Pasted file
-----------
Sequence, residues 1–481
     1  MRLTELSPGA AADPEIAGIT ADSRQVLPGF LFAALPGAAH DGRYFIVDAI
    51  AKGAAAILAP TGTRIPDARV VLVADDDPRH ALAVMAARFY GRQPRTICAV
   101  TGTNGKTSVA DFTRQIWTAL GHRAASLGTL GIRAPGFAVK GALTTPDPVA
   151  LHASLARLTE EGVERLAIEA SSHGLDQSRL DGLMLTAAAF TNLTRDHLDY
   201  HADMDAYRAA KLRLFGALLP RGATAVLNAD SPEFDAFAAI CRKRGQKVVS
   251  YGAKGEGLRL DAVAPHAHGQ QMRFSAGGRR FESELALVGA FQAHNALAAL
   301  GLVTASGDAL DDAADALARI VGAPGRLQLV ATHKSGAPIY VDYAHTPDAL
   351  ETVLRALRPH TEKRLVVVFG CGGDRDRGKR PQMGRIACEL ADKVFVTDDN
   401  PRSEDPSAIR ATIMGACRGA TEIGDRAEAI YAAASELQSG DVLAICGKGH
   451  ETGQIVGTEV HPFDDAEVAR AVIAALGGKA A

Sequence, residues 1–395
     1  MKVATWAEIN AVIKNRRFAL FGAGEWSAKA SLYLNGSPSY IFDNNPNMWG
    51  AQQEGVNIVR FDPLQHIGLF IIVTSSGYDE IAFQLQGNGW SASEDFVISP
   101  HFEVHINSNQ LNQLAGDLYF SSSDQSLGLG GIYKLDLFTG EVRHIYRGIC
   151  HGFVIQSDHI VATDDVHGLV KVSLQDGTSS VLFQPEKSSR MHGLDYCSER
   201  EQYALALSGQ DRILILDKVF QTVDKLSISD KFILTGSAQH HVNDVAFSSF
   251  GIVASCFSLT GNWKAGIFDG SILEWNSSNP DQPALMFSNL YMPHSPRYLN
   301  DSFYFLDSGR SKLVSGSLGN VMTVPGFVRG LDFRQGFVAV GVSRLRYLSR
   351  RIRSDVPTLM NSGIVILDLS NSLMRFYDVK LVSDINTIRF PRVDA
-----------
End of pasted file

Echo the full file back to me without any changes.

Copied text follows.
Sequence, residues 1–481
     1  MRLTELSPGA AADPEIAGIT ADSRQVLPGF LFAALPGAAH DGRYFIVDAI
    51  AKGAAAILAP TGTRIPDARV VLVADDDPRH ALAVMAARFY GRQPRTICAV
   101  TGTNGKTSVA DFTRQIWTAL GHRAASLGTL GIRAPGFAVK GALTTPDPVA
   151  LHASLARLTE EGVERLAIEA SSHGLDQSRL DGLMLTAAAF TNLTRDHLDY
   201  HADMDAYRAA KLRLFGALLP RGATAVLNAD SPEFDAFAAI CRKRGQKVVS
   251  YGAKGEGLRL DAVAPHAHGQ QMRFSAGGRR FESELALVGA FQAHNALAAL
   301  GLVTASGDAL DDAADALARI VGAPGRLQLV ATHKSGAPIY VDYAHTPDAL
   351  ETVLRALRPH TEKRLVVVFG CGGDRDRGKR PQMGRIACEL ADKVFVTDDN
   401  PRSEDPSAIR ATIMGACRGA TEIGDRAEAI YAAASELQSG DVLAICGKGH
   451  ETGQIVGTEV HPFDDAEVAR AVIAALGGKA A

Sequence, residues 1–395
     1  MKVATWAEIN AVIKNRRFAL FGAGEWSAKA SLYLNGSPSY IFDNNPNMWG
    51  AQQEGVNIVR FDPLQHIGLF IIVTSSGYDE IAFQLQGNGW SASEDFVISP
   101  HFEVHINSNQ LNQLAGDLYF SSSDQSLGLG GIYKLDLFTG EVRHIYRGIC
   151  HGFVIQSDHI VATDDVHGLV KVSLQDGTSS VLFQPEKSSR MHGLDYCSER
   201  EQYALALSGQ DRILILDKVF QTVDKLSISD KFILTGSAQH HVNDVAFSSF
   251  GIVASCFSLT GNWKAGIFDG SILEWNSSNP DQPALMFSNL YMPHSPRYLN
   301  DSFYFLDSGR SKLVSGSLGN VMTVPGFVRG LDFRQGFVAV GVSRLRYLSR
   351  RIRSDVPTLM NSGIVILDLS NSLMRFYDVK LVSDINTIRF PRVDA